What kind of labor safeguards do we have in DC for those who toil outside in such dangerously high temperatures?”
Related from DPW:
“Summer has arrived in the District and so has the hot weather. With this in mind, trash and recycling crews from the Department of Public Works (DPW) will be starting their daily collection routes one hour earlier at 6 am, beginning Tuesday, July 3. The earlier collection time will remain in effect for the entire summer, ending Monday, September 3.”
Heads up for anyone headed CostCo in NE… they’ve cleared out most of the meat due to the heat and anything still available is ‘insulated’ under cardboard. Other open refrigerated sections are shielded with pull-down shades. Pretty wild ahead of the holiday. This was around 6:30pm Monday night.”
More photos after the jump. (more…)
Photo of one hot raccoon in Woodley Park by John Anthony
From Alert DC:
“The National Weather Service (NWS) reports the temperature is 89 degrees, with heat index of 95 degrees. Heat index values from 100-102 degrees are expected.
Extreme heat is dangerous and can cause illnesses and death. As temperatures rise, you are encouraged to take an active role in your safety and take action to stay cool. (more…)
— Phil Yabut (@philliefan_99) June 5, 2018
— bikemikedc (@bikemikedc) June 5, 2018
Goodbye Georgetown, it’s been fun pic.twitter.com/ou6LrzkJT1
— Lydia DePillis (@lydiadepillis) June 5, 2018
Massive storm line with sights set on the Washington Monument. (Weather Drama!) #washingtondc #stormfront #derecho #stormchasers #igdc #fotodc #dctography #mydccool #picoftheday #gameoftones #artphotography #visualsoflife #justgoshoot #aCreativeDC #BYThings #popville #dcchasers #washmagphoto #washingtondaily #travelblog #lonelyplanet #landscapephotography #naturephotography #beautifuldestinations #weatherchannel #natgeohub #weatherphoto
From ALERT DC:
“The National Weather Service (NWS) has issued a Flash Flood Watch for the District of Columbia from 3pm until 1am Wednesday. Doppler radar indicated thunderstorms producing heavy rain (possibly 1-3 inches) across the area. Isolated severe thunderstorms with damaging wind gusts and large hail are possible this afternoon and evening, as well as heavy rainfall with slow moving thunderstorms.”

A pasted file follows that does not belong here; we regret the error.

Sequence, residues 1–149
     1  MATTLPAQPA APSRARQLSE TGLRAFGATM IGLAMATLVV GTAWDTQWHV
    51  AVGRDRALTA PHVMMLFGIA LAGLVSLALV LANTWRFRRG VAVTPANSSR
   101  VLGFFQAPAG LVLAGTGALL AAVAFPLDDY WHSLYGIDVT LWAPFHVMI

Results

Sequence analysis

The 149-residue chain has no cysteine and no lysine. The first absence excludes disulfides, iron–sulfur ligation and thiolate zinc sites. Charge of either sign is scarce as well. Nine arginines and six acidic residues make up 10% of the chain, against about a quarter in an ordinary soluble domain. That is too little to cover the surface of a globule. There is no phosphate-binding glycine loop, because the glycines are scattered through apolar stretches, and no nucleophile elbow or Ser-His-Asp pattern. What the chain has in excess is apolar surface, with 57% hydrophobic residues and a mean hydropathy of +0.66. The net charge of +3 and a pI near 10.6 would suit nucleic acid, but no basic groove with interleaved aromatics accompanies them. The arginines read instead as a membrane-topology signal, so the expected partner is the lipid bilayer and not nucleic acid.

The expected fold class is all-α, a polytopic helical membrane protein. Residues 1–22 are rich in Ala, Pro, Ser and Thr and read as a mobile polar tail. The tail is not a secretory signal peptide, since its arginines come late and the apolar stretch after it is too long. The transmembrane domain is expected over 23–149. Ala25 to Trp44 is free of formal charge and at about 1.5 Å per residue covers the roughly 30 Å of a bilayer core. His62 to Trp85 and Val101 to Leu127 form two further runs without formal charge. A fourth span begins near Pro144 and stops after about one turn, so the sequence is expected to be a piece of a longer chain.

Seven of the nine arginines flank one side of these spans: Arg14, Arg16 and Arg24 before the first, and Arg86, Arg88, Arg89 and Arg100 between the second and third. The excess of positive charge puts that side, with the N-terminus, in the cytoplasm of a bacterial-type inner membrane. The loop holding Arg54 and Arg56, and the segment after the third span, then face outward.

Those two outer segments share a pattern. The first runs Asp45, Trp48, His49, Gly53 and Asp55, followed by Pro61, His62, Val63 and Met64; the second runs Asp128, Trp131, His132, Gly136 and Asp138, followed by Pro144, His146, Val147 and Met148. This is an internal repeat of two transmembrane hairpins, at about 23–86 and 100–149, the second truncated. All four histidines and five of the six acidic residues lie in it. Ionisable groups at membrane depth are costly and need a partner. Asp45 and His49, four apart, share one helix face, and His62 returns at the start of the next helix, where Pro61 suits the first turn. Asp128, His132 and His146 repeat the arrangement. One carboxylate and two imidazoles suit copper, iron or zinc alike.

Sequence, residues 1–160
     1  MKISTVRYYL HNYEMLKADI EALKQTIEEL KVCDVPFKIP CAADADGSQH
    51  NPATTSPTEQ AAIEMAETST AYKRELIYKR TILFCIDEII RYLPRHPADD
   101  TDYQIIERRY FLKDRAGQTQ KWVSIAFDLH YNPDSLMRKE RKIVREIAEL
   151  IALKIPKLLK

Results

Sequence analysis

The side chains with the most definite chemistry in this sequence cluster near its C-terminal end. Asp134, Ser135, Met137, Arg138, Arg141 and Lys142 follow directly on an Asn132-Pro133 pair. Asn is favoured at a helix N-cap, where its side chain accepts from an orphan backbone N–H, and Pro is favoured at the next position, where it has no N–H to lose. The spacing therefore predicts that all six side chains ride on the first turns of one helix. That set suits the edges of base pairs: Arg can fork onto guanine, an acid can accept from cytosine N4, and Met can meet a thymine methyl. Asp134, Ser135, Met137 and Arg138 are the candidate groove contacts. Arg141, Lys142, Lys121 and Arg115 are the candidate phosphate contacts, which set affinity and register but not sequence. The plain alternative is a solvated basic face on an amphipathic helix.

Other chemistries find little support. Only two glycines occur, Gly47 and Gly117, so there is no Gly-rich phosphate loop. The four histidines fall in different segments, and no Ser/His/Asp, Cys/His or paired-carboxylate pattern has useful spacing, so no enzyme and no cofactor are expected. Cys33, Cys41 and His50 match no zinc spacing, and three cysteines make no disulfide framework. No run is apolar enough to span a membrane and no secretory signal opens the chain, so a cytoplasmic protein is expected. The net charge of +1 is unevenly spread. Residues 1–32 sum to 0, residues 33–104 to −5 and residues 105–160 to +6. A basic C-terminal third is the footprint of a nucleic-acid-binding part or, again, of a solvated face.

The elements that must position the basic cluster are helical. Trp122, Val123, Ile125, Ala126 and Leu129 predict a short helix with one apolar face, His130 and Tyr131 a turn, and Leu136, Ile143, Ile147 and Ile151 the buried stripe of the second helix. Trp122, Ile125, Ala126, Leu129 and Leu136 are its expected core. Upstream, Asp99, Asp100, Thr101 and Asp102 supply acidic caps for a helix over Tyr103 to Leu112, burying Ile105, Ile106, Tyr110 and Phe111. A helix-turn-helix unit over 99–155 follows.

Photo by PoPville flickr user Eric P.
“The National Weather Service reports a severe Thunderstorm Watch for the DC Metro Area until 9 PM. There will be 30 to 40 mph winds and wind gust from 60 to 70 mph between 6 and 8 PM tonight. The storm will last approximately a half an hour with possibly an inch of rain. As the storm gets closer it could change to a Thunderstorm Warning. Please clear catch basins and drains and bring light objects inside.”
Photo by PoPville flickr user Mark Andre
From the Mayor’s Office:
“In advance of today’s wintery mix, the DC Snow Team will have plows on hand to treat roads, bridges and overpasses as necessary.
Residents concerned about the treatment or plowing of specific roads should call the Citywide Call Center by dialing 311. For more information about DC’s snow program and preparing for winter weather, or to see where District Snow Team plows are working, go to snow.dc.gov.
Residents and motorists can register to receive important weather alerts from the District on their devices by signing up for AlertDC at alertdc.dc.gov.”
Banneker pool got filled last weekend! Standby for mid/late May opening!!
2500 Georgia Avenue, NW
From the National Park Service:
“The Japanese flowering cherry trees reached peak bloom this afternoon, meaning that 70% of the Yoshino variety (the most abundant of the approximately 3,700 trees around the Tidal Basin, in East Potomac Park, and on the grounds of the Washington Monument) are in full bloom. This is two days later than the average peak bloom date of April 3.
Best viewing of the trees will be for the next four to seven days, but they can last for up to two weeks under ideal conditions, such as cool temperatures to slow the progress from flowers to leaves, and a lack of high winds or heavy rains to bring the petals down.”
Photo by PoPville flickr user angela n.
From the National Parks Service:
“The bloom period has begun, meaning 20% of the Yoshino trees are at full blossom. Peak bloom, occurring when that figure reaches 70%, now projected for April 5-8, thanks to last weekend’s warm temps. Keeping an eye on gusty winds tomorrow, enemy of the blossoms!”
Photo by PoPville flickr user angela n.